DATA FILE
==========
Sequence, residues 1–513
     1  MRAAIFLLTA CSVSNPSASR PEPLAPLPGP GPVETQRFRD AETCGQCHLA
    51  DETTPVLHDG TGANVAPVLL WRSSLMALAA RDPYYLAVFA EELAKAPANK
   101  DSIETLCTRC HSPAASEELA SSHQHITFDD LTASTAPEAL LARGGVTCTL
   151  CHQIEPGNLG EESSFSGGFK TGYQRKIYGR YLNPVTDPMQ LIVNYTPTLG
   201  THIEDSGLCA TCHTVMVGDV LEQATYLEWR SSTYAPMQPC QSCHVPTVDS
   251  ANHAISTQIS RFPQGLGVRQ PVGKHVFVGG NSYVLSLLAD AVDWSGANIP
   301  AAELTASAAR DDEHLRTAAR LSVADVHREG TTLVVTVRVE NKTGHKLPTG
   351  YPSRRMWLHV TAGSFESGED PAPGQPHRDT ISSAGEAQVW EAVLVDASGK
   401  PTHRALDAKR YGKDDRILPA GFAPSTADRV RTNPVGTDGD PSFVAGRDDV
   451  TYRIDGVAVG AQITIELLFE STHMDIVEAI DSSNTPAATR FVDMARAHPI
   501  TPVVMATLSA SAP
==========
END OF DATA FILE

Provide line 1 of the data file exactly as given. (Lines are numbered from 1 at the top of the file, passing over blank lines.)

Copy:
Sequence, residues 1–513